Are mobile businesses a thing of the past?

Are mobile businesses a thing of the past?

Bread! Bread! Hot sweet bread! Hot dry pork bread! Hot Bayon Bread,” the microphone blasts out every morning from the vendor-on-wheels. Some vendors drive motos while others ride their bikes through nearly every small bumpy road in the capital city of Phnom Penh with their microphone, perhaps as a form of entertainment to attract attention, all the while ignoring the disruption their noise can have on residents.


The modern world is developing at a fast pace, and business owners are having to find new and creative ways to beat competition.  Vendors who sell items such as porridge, ice-cream, coconut and even soft drinks have changed their advertising strategies from yelling to using a tape recorder. Mr Tok Borey, who has worked as an egg seller for more than three years, said the reason why he decided to use a tape was because he wanted to gain more customers.

But, most of them would just stay at home.

Borey found a voice recorder and microphone for a good price at the markets, and didn’t hesitate to buy it so he could keep from straining his voice.

Some Cambodian citisens may not notice or even care about the sound pollution that happens every-day. In fact, sound pollution is considered to be detrimental to people’s health.  

According to scientists, noise pollution can increase blood pressure and cause stress or insomnia; some say it affects our hearing abilities.    

Ms Pon Elin is a third-year student at the International University, and said that she does not approve of vendors using the loud noise to attract attention because just the sound of cars is enough for her to feel stressed. She added that sometimes the vendors have blasted their microphones infront of her home while she and her family are taking a nap. She complained that the sound of the speaker always wakes up her nephew, and they were finding it difficult to sleep.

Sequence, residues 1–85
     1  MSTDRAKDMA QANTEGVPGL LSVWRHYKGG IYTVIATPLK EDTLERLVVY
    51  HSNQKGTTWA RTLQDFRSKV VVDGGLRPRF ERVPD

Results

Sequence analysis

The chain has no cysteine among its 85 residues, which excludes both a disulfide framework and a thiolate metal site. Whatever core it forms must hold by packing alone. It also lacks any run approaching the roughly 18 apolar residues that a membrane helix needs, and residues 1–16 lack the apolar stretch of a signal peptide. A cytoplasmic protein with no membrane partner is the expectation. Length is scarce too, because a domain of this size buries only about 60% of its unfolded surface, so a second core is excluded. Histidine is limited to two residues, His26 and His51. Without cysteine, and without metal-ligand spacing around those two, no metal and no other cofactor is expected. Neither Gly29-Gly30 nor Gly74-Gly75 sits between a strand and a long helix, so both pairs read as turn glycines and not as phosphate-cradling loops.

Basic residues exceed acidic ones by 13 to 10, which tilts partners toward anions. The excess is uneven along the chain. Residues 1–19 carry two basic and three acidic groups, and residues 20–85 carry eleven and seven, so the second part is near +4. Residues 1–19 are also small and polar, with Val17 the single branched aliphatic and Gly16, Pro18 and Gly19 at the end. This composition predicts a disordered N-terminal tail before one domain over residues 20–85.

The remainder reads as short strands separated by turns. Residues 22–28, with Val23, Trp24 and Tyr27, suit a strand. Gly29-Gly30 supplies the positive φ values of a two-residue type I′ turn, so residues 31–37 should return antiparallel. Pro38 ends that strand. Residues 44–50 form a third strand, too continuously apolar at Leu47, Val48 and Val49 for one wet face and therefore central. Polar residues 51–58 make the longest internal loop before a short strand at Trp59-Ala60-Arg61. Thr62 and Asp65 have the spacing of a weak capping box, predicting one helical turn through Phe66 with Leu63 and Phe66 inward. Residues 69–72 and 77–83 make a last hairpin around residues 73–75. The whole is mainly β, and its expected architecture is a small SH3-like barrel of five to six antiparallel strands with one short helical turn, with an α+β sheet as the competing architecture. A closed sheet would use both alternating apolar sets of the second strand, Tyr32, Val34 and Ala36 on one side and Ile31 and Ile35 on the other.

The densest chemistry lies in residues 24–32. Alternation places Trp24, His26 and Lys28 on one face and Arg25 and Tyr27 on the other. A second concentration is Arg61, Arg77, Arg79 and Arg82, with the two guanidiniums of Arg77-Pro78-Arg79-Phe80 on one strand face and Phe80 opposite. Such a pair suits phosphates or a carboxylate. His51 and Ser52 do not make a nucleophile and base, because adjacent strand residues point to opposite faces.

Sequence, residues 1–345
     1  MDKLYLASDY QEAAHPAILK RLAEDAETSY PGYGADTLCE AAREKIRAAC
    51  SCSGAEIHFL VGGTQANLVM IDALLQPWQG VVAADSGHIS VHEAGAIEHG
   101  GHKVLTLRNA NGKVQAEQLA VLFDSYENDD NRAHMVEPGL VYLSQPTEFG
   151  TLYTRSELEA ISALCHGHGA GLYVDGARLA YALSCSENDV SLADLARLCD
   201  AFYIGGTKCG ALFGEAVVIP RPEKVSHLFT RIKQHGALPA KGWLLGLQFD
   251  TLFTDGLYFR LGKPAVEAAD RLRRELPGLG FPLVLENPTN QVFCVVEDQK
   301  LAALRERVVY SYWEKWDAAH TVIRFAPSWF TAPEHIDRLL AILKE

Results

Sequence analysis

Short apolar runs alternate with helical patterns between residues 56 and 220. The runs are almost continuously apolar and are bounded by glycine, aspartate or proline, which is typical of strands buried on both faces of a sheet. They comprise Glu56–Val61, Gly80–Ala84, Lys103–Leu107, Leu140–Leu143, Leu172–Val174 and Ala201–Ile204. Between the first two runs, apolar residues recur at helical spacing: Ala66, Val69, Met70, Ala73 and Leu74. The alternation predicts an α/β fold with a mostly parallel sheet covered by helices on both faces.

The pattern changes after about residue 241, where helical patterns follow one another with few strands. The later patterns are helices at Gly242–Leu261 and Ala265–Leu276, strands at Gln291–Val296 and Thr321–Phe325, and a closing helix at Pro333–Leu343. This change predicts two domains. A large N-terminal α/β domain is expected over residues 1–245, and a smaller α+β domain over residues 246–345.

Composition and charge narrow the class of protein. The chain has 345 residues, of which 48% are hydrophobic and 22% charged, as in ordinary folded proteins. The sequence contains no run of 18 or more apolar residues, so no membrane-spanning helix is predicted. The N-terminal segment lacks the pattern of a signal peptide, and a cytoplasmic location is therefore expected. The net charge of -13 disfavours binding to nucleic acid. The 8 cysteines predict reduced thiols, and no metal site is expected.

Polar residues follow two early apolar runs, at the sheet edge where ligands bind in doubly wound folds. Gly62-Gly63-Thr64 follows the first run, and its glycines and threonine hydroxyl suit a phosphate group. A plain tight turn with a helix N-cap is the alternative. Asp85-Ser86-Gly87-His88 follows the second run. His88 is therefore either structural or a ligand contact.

However, Elin is not completely against these vendors, despite the anxiety.

“I don’t want [the government] to ban their business because I know that it is their duty to earn for their family. But, they need to think about other people by turning down the volume.”

She added that in her view, those who stay far away from the road will not come to buy their products when they hear the loud sounds of street vendors, and that their business strategy isn’t working.

“Portable businesses or vendors with speakers are not allowed to do their business, the municipal [government] had announced a long time ago, and commune chiefs or village chiefs will take action on this issue,” a high-ranking source from the Phnom Penh Municipal Government confirmed with LIFT reporters on March 16.

Mr Kong Sophan, commune chief of Deam Kor Market District, said that he also does not like the increase of the number of speakers used, because it is an interruption. He added that the Phnom Penh Municipal Government has limited the amount of vendors in order to improve the city’s environment, but despite that, the vendors still exercise a unique – and plausible – advertising technique.

“Some big firms or companies pay a fee in order to be able to advertise themselves through a speaker. Other vendors just [stay in business] through word-of-mouth as they can’t afford the fee. I don’t see any problem with that if they keep the city tidy,” he said.

As Cambodia is a developing country, LIFT recommends that small businesses or vendors along the road demonstrate concern for noise pollution and traffic problems. Simply reducing the volume of announcements and finding more suitable places to set up shop could make the Kingdom better for all. 


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